directed by Mike Nichols
The four central characters in Closer are not happy people and, with the possible exception of one, I doubt they ever will be.
I'll risk spoiling the surprise enough to warn you this is not a happy-ending movie. If that bothers you, consider watching Pretty Woman instead.
Their story begins on a London street, where former stripper Alice (Natalie Portman) and obituary writer Daniel (Jude Law) meet cute, with a twist. Their eyes meet from afar as they approach from opposite sides of a pedestrian crosswalk; she, distracted and possibly unfamiliar with the British custom of driving on the left, is plowed down by a taxi. When Daniel rushes to her side, Alice flutters her eyes and says "Hello, stranger" before swooning in his arms.
After the requisite visit to a nearby hospital and his reluctant confession that he has a girlfriend, the movie skips forward a year. Alice and Daniel are living together, and Daniel is having his photo taken for the jacket of his first novel -- which is based on Alice's life. But Daniel, seemingly much more confident and controlled than he was in the opening scene, makes a pass at the photographer, Anna (Julia Roberts) -- and she responds with dry enthusiasm, until he admits his indiscretion and dampens her ardor. Alice soon arrives and realizes what's been going on; while she doesn't let on to Daniel, possibly in fear that he'll leave her, she tentatively confronts Anna ... and a photo Anna snaps at that moment is a poignant image that only hints at things to come.
Daniel rather childishly poses as Anna in an Internet chat room and sets her up to meet Larry, a lonely doctor (Clive Owen), for what Larry believes is quickie sex. Oddly, Anna and Larry hit it off in spite of their awkward meeting, and soon enough they're married.
But it turns out Daniel is still stalking Anna, and their inevitable affair began several months before the wedding. A year later, he confesses the relationship to Alice, who greets the news with utter devastation.
The relationships among these four people continue to twist and unravel for some time, and by the end of Closer, the audience has a pretty clear picture of the emotional state of each. Of them all, it's easiest to dislike Daniel, who plays hard with the feelings around him, and it's hard not to pity Anna -- with a certain degree of disdain -- for her self-destructive addiction to guilt. True sympathy may be reserved for Larry and Alice, however, both of whom suffer greatly at their partners' hands. But Larry has a vicious streak that lends strength to his character, while Alice is left utterly open and vulnerable, despite her own litany of games and secrets.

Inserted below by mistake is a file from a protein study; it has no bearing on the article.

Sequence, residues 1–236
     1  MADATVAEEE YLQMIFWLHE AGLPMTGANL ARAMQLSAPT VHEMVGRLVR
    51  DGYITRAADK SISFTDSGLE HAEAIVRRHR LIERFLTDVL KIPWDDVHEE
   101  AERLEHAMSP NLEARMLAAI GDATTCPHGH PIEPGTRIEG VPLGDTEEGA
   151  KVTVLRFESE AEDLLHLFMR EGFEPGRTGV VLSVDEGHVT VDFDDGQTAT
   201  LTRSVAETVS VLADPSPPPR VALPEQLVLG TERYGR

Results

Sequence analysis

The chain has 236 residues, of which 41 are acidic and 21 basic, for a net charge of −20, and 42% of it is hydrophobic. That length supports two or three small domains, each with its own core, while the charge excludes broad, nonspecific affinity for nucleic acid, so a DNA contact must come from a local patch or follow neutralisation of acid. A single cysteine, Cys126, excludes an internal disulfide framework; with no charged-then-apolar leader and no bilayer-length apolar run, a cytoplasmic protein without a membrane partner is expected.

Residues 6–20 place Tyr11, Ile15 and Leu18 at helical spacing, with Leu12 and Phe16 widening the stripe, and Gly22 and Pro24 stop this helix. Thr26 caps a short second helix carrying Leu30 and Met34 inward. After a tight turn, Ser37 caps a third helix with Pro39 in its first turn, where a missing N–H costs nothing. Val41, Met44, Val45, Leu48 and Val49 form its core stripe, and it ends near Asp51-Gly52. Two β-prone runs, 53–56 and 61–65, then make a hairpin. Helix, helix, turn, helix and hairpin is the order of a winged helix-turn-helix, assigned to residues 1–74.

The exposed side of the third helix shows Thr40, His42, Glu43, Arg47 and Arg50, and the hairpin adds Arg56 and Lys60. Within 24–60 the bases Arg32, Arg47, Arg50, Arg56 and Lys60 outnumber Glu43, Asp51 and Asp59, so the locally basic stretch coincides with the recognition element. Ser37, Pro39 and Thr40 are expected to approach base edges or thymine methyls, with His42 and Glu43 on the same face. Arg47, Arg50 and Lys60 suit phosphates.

Closer is immensely entertaining as both a character study and the intricate tapestry that these four people become. It is quite depressing, too, as it paints an unflinching picture of the things people can do to one another, of the indelicate way in which people often handle the fragile hearts around them.
Both Portman and Owen shine brilliantly in the film, laying their emotions bare and making Alice and Larry into fully developed, flesh-and-blood characters. Their hurt and anger is like salt on a nerve rubbed raw, and it's gripping material from two stars on the rise.
Law, perhaps suffering some backlash for reports on his real-life relationships, comes across a little too coldly, but Daniel remains a believable, three-dimensional foil. Only Roberts comes up short, making Anna a flat, charmless character who seems unlikely to inspire such passion and devotion in the two leading men. (Cate Blanchett, who was attached to the part until pregnancy forced her withdrawal, would have improved on Roberts' portrayal tenfold.)
I imagine this movie is far better on video than it was in the theater, because the remote control afforded my wife and I the chance to pause often and discuss the various choices and behaviors before us, to examine the motivations behind certain actions and make predictions of the outcome.
None of our guesses, by the way, hit the mark.
It would have been far easier for director Mike Nichols to tailor Closer into a romantic comedy. But, while chuckles might provide more immediate satisfaction to the audience, it also would have been more forgettable; the pain and heartache makes a more lasting impression.
by Tom Knapp